The Ten Little Fairies





FROM THE FRENCH of GEORGES MITCHELL.





VAINLY I try to recall from my recollections of yesterday, still vividly

remembered, and from those of the long past, grown tenderly dim in the

mists of intervening time, from whom I learned the powerfully moral

story I am here going to repeat to children great and small, to men and

their companions: I cannot determine from whom it was I learned it.



Did I first read it in some old book laden with the dust of ages? Was it

told to me by my mother, by my nurse, one evening when I would not go to

sleep--or one night when, sleeping soundly, a fairy came and sang it to

me in my slumber? I cannot tell. I cannot remember. I have forgotten

all the details, of which there only remains with me the subtle

perfume--too fine and evanescent for me to seize it in its passage

through my mind. But I retain--perfectly retain--the moral, which is the

daughter of all things healthy and strong.



The things which I am going to recount happened in a charming

country--one of those bright lands which we see only in delightful

dreams, where the men are all good and the women all as amiable as they

are beautiful.



In that happy country there lived a great nobleman who, left a widower

early in life, had an only daughter whom he loved more than anything in

the whole world.



Rosebelle was seventeen years old--a pure marvel of grace and beauty;

gay as a joyous heart, good as a happy one. For ten leagues round she

was known to be the most beautiful and best. She was simple and gentle,

and her exquisite ingenuousness caused her everywhere--in the mansion

and the cottage--to be beloved.



Her father, fearful lest the least of the distresses of our poor

existence should overtake her, watched over her with jealous care, so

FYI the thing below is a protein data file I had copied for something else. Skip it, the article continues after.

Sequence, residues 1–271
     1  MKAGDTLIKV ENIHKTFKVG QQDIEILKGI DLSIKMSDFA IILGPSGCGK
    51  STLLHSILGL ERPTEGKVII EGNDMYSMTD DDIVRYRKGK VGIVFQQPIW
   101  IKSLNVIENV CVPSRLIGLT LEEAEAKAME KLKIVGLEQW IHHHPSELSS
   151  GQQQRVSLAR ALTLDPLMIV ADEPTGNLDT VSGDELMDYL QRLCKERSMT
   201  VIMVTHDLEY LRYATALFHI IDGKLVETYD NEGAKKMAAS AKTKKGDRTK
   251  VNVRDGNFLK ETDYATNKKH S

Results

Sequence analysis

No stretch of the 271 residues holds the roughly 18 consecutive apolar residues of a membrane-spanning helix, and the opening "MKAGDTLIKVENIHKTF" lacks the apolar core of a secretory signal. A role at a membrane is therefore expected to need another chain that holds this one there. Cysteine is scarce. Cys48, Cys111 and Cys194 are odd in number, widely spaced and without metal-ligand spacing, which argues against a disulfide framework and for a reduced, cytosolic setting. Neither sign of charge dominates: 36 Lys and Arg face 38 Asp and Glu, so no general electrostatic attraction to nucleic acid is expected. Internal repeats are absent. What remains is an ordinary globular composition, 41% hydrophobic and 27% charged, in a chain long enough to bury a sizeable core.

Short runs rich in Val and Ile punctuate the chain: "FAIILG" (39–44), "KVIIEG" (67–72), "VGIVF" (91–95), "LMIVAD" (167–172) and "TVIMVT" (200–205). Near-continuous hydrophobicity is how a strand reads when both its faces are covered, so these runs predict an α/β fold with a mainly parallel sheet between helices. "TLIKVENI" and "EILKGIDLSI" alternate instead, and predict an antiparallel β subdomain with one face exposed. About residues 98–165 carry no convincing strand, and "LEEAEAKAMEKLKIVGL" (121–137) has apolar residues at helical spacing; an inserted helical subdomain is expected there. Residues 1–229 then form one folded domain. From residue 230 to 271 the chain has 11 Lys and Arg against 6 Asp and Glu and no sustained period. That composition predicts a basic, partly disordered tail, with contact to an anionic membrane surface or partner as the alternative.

that no harm should come to her; while she passed her days in calmly

thinking of the time before her, sure that it would not be other than

delightful.



When she was eighteen, her father consented to her being betrothed to

the son of a Prince--to Greatheart, a handsome youth, who had been

carefully reared, and detested the false excitements and factitious

pleasures of cities loving enthusiastically the fresh charms of

Nature--of the common mother who claims us all, the Earth.



Rosebelle loved her fiance, married, and adored him.



With him she went to live in the admirable calm of the country, in the

midst of great trees that gave back the plaint of winds, by a river with

its ever-flowing song, winding under willowy banks, and overshadowed by

tall poplars.



She lived in a very old, old castle, where the sires of her husband had

been born--a great castle reached by roads hewn out of the solid rock; a

great castle, with immense, cold halls, where echo answered echo

mysteriously; where the night-owl drearily replied to the early thrush's

song to the rising sun, and the other awakened birds singing and

chirping on the borders of the deep woods, where the sun enters

timidly--almost with the hesitation of a trespasser.



When the time for parting came, her father had said to her, through his

tears:



"You are going from me--your happiness claims that I should let you go:

go, therefore, but take all care of yourself for love of me, who have

only you in the world to love."



To his son-in-law he said:



"Watch over her, I intrust her to you. Surround her with a thousand

safeguards; screen her from the least chance of harm or pain. Remember

that even in stooping to pluck a flower she may fall and wound herself,

that in gathering a fruit she may tear her hand. See that all is done

for her that can be done, keep her for me ever beautiful."



Absorbed in her love for her husband, Rosebelle realised the sweet

dreams of her young girlhood. Then she dreamed--languorously--Heaven

knows what! The delightful future which she had seen in the visions of

the past was still present with her, however.



Her husband, tender and good, wished that she should do nothing but live

and love. He had surrounded her with numerous servants, all ready to

obey the least of her desires, the slightest of her fancies, to

comprehend the most trivial of her wants. She had nothing to do but to

let time glide slowly by her.



At length she wearied--languished mysteriously.



Her father, to whom she communicated this strange experience, was

astounded. He reminded her of all the sources of happiness which ought

to have existed in her case. He took her in his arms and said all he

could think of in laudation of the husband who so greatly loved her;